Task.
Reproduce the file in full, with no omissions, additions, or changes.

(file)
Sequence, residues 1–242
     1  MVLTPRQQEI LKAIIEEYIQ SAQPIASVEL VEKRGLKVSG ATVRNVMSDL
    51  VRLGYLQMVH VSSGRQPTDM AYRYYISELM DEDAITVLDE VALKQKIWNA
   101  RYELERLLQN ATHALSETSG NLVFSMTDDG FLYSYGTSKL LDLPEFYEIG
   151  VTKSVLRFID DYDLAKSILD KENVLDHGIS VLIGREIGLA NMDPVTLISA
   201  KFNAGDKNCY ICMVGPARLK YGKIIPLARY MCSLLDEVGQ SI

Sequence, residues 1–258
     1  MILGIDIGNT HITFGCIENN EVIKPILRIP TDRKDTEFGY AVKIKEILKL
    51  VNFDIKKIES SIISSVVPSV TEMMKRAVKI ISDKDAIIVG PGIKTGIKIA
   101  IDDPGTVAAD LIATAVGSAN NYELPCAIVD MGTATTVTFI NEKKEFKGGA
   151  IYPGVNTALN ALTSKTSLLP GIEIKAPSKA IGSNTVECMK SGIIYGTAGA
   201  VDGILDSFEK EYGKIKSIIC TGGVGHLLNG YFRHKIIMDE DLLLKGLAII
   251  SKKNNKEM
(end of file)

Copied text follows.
Sequence, residues 1–242
     1  MVLTPRQQEI LKAIIEEYIQ SAQPIASVEL VEKRGLKVSG ATVRNVMSDL
    51  VRLGYLQMVH VSSGRQPTDM AYRYYISELM DEDAITVLDE VALKQKIWNA
   101  RYELERLLQN ATHALSETSG NLVFSMTDDG FLYSYGTSKL LDLPEFYEIG
   151  VTKSVLRFID DYDLAKSILD KENVLDHGIS VLIGREIGLA NMDPVTLISA
   201  KFNAGDKNCY ICMVGPARLK YGKIIPLARY MCSLLDEVGQ SI

Sequence, residues 1–258
     1  MILGIDIGNT HITFGCIENN EVIKPILRIP TDRKDTEFGY AVKIKEILKL
    51  VNFDIKKIES SIISSVVPSV TEMMKRAVKI ISDKDAIIVG PGIKTGIKIA
   101  IDDPGTVAAD LIATAVGSAN NYELPCAIVD MGTATTVTFI NEKKEFKGGA
   151  IYPGVNTALN ALTSKTSLLP GIEIKAPSKA IGSNTVECMK SGIIYGTAGA
   201  VDGILDSFEK EYGKIKSIIC TGGVGHLLNG YFRHKIIMDE DLLLKGLAII
   251  SKKNNKEM